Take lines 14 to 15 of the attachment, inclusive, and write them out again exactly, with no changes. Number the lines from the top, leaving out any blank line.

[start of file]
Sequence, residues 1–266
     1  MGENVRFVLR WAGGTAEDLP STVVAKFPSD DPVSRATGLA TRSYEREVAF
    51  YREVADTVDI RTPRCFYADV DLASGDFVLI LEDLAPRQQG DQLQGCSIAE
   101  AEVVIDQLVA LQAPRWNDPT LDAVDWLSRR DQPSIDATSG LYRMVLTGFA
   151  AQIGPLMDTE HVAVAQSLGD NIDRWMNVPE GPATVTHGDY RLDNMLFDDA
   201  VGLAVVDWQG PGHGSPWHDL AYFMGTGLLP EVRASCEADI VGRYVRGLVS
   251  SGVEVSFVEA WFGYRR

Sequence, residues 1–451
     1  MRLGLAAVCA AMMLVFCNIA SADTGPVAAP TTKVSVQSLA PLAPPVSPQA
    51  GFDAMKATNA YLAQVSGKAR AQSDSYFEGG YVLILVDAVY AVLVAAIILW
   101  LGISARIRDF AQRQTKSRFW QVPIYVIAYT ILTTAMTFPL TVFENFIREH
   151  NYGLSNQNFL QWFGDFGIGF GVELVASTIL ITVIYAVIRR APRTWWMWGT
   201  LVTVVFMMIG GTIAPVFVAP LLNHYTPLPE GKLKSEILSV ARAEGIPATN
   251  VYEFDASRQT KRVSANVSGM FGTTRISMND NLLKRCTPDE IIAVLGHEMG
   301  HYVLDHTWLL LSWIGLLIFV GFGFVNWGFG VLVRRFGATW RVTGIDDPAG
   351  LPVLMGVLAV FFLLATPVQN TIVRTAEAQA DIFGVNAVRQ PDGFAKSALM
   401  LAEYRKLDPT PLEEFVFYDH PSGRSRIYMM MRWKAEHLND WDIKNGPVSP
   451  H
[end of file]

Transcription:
   251  VYEFDASRQT KRVSANVSGM FGTTRISMND NLLKRCTPDE IIAVLGHEMG
   301  HYVLDHTWLL LSWIGLLIFV GFGFVNWGFG VLVRRFGATW RVTGIDDPAG